From: "Scotty" <roger@...>
To: main@yanmar-tractor-owners.groups.io
Sent: Thursday, 25 February, 2021 16:05:22
Subject: Re: Unpopular F175 or what is similar?

Just change the oil more frequently on an oil burner. You can stay with the longer change interval on the filter.
rScotty

On Feb 25, 2021, at 8:50 AM, George Mason <george@...> wrote:

Very interesting, I was considering an oil change, I'll bring that up the agenda. I don't have the filters etc. yet but they are easy enough to get hold of here.

On another note, the link I posted to FromJapan earlier was wrong, it is in fact: https://www.fromjapan.co.jp/en/

All the best

George


From: "Scotty" <roger@...>
To: main@yanmar-tractor-owners.groups.io
Sent: Thursday, 25 February, 2021 15:42:46
Subject: Re: Unpopular F175 or what is similar?

Yep, I agree with that. Oil burners can go a long time as long as they have enough compression to start and run. There was a time - in the 1950s is when I remember it - when lots of cars were "oil burners" but otherwise ran OK. Back then I worked nights in a service station that also did general mechanical work. ....most service stations did.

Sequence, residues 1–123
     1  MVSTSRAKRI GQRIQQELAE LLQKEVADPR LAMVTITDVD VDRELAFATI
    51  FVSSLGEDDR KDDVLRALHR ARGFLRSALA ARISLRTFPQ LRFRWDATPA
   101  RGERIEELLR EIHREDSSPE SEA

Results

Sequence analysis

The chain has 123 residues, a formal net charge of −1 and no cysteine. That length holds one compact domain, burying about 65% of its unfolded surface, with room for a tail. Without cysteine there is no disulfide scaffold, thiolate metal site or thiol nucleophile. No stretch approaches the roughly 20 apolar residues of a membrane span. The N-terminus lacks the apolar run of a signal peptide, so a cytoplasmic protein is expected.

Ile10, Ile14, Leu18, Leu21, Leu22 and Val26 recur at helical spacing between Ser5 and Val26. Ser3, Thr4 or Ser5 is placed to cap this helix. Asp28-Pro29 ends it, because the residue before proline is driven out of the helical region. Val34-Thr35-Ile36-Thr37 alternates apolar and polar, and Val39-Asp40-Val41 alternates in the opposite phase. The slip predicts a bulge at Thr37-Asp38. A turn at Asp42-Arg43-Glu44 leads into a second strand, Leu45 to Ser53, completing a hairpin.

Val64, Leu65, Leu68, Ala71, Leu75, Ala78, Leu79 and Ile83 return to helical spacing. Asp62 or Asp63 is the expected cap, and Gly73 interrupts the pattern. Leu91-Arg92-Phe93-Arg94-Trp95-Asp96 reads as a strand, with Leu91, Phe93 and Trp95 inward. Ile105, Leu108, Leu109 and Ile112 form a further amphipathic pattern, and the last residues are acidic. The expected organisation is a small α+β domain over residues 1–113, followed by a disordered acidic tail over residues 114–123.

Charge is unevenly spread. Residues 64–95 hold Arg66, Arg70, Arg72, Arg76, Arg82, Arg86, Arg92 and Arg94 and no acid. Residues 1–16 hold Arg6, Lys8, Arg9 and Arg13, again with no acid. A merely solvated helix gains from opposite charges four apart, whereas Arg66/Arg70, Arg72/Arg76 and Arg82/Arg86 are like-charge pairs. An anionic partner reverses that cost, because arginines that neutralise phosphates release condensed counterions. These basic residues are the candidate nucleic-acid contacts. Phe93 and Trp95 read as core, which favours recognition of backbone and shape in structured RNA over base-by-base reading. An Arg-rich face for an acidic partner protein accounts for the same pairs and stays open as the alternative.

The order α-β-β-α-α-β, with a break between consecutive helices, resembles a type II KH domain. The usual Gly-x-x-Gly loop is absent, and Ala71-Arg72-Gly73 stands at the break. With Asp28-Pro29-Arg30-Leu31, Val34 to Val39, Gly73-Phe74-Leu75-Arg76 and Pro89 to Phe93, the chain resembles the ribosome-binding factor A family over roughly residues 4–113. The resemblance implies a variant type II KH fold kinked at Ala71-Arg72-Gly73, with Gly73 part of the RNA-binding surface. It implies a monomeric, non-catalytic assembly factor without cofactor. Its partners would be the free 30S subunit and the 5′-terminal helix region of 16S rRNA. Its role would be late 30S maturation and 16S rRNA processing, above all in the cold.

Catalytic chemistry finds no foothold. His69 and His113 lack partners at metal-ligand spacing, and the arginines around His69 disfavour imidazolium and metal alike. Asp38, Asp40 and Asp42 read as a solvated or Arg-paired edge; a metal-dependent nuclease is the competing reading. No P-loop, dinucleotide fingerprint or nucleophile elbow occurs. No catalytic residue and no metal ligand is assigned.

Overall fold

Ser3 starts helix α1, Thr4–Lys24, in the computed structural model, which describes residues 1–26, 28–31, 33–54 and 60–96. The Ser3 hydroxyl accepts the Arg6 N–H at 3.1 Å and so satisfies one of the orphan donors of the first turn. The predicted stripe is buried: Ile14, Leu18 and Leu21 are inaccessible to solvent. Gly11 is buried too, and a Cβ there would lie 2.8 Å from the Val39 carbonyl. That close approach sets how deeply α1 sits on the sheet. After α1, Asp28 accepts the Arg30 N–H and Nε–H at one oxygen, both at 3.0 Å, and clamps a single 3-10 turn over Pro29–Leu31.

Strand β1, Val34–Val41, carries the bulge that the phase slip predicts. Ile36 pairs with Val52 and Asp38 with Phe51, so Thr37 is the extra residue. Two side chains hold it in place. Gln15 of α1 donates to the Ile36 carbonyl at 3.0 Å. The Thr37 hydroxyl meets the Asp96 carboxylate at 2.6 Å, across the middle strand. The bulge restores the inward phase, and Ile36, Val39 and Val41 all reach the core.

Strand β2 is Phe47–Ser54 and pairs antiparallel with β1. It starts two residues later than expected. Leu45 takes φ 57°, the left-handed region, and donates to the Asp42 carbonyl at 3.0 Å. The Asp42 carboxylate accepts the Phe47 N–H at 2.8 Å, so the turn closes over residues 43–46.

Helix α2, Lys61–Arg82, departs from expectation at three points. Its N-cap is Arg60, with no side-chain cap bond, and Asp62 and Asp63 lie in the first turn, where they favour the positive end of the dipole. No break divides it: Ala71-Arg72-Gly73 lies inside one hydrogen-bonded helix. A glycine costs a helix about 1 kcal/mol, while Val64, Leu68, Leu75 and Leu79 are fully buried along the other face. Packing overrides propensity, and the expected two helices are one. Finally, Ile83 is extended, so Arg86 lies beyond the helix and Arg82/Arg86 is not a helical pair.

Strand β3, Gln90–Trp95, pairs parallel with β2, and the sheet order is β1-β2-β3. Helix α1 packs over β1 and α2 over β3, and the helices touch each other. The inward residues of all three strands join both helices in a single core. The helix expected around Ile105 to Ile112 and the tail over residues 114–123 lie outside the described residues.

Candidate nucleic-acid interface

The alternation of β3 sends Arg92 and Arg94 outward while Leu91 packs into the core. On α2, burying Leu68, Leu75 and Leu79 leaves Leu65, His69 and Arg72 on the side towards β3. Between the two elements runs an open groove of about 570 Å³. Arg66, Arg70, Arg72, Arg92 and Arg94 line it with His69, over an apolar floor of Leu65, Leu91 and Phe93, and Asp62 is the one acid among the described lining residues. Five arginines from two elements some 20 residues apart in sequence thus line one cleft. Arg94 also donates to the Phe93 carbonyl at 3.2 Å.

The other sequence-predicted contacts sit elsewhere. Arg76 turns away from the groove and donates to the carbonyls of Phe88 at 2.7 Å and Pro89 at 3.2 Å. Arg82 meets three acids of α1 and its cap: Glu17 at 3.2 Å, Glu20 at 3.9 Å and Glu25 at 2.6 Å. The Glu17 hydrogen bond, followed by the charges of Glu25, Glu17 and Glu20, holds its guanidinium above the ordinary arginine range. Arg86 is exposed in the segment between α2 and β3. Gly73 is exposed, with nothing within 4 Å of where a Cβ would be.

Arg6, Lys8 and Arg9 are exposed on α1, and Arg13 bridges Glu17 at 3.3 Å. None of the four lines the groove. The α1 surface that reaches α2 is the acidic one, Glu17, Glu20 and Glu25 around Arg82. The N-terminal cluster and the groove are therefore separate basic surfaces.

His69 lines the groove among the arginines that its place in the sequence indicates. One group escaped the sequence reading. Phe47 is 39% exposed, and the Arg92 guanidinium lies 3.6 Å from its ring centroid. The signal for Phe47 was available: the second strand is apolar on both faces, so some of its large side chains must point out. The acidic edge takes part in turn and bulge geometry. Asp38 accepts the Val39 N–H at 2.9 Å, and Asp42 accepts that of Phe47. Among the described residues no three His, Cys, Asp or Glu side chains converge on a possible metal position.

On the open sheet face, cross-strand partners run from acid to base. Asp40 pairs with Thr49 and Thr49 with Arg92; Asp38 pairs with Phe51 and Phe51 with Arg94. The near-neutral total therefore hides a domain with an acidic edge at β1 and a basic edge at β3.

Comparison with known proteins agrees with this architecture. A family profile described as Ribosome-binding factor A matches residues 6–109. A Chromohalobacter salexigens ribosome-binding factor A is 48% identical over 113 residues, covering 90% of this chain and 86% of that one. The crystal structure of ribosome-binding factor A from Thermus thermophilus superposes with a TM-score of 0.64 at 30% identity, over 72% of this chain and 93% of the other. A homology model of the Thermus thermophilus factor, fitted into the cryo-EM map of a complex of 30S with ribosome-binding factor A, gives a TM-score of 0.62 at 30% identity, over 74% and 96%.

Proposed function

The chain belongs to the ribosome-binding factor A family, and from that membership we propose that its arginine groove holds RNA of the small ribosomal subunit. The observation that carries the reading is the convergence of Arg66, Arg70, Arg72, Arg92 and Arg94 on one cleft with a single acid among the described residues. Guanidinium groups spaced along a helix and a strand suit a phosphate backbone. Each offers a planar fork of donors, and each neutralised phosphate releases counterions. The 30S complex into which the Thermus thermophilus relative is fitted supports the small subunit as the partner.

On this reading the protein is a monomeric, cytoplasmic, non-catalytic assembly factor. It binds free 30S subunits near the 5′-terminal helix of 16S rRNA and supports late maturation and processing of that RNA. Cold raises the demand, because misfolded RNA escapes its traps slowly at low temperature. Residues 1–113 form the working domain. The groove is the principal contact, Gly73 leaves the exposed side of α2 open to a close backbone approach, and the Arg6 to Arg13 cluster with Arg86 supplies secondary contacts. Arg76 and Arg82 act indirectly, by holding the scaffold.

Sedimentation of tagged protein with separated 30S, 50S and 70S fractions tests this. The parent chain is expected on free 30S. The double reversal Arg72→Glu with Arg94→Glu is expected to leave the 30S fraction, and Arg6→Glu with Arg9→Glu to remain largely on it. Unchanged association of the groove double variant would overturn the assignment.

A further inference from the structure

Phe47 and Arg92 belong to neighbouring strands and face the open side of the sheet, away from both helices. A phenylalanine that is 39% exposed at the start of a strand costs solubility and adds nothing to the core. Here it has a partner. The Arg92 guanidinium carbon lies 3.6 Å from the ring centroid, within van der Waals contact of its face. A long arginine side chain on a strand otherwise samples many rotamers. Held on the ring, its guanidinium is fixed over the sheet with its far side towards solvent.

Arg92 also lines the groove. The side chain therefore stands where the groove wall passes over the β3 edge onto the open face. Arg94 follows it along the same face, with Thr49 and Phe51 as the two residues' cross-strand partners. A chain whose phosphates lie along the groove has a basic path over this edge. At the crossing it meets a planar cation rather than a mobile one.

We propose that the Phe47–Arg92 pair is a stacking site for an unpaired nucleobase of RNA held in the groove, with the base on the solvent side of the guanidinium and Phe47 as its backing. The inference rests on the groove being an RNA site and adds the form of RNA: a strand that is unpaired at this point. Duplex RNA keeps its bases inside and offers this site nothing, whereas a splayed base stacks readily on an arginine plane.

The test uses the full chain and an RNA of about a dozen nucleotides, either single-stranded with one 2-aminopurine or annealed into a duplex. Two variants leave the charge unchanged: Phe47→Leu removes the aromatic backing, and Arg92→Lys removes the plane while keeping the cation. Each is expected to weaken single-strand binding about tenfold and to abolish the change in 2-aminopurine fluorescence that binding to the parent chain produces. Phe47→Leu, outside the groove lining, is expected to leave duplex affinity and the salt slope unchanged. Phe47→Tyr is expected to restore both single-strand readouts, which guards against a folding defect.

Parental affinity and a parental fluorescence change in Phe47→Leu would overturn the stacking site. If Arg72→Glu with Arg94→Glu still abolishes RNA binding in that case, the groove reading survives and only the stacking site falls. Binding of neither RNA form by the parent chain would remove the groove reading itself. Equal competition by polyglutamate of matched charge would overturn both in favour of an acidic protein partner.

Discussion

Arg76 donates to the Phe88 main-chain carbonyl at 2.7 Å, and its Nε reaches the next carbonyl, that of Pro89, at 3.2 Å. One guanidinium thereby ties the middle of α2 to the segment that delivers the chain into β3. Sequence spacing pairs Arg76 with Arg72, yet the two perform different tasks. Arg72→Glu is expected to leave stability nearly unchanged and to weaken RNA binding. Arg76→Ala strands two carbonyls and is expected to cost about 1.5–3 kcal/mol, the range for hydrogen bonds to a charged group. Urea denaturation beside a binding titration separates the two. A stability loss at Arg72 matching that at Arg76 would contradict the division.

Something to think about is that if oil passes the rings one way, chances are that unburned fuel is passing the other way & diluting the engine oil's lubricity. So if you are going to run an oil burner, the frequency of oil changes should go up to protect the various bottom end bushings and bearings. It wasn't uncommon to see a cam bearing or small end rod bushing go bad before any wear was evident in the crank and big ends. 
rScotty


On Feb 25, 2021, at 7:42 AM, Wally Plumley <wplumley@...> wrote: